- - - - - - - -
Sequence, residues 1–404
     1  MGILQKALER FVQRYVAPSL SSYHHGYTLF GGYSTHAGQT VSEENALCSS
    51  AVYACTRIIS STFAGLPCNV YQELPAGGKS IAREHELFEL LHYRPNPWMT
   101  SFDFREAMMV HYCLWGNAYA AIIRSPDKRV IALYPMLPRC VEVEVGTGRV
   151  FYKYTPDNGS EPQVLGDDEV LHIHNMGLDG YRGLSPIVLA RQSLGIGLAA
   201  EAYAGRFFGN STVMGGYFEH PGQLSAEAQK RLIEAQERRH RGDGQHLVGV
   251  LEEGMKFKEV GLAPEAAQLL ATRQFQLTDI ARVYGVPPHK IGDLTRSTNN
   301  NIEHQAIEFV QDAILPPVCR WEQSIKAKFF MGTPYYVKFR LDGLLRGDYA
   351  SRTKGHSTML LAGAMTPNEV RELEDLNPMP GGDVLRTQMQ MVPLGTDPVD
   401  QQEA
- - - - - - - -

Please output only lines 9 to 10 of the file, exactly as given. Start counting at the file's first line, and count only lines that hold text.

   351  SRTKGHSTML LAGAMTPNEV RELEDLNPMP GGDVLRTQMQ MVPLGTDPVD
   401  QQEA